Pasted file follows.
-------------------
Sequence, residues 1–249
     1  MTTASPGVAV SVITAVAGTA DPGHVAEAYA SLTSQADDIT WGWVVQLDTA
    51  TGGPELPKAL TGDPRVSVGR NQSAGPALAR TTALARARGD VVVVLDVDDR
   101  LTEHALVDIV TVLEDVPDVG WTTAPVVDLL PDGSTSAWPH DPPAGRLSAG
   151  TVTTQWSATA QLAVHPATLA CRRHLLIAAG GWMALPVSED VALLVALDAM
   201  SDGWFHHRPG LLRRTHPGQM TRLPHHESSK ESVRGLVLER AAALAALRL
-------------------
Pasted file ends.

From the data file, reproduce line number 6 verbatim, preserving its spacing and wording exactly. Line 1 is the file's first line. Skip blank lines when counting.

   201  SDGWFHHRPG LLRRTHPGQM TRLPHHESSK ESVRGLVLER AAALAALRL